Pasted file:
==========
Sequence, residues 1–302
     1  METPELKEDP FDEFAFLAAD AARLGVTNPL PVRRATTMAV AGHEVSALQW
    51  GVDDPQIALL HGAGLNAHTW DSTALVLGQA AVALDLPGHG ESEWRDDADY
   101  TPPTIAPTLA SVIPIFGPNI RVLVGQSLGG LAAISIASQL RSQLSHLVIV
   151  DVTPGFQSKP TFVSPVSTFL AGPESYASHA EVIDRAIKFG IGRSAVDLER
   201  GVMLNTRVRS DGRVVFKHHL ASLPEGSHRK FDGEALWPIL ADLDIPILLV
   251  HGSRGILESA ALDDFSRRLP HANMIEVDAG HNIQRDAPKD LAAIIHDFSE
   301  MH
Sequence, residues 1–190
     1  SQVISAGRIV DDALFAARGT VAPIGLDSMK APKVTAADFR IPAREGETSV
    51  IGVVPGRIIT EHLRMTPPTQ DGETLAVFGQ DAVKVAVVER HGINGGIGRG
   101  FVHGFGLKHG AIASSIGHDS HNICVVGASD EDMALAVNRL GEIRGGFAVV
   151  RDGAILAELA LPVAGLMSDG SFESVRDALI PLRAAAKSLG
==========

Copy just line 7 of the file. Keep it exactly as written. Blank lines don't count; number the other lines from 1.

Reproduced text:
   251  HGSRGILESA ALDDFSRRLP HANMIEVDAG HNIQRDAPKD LAAIIHDFSE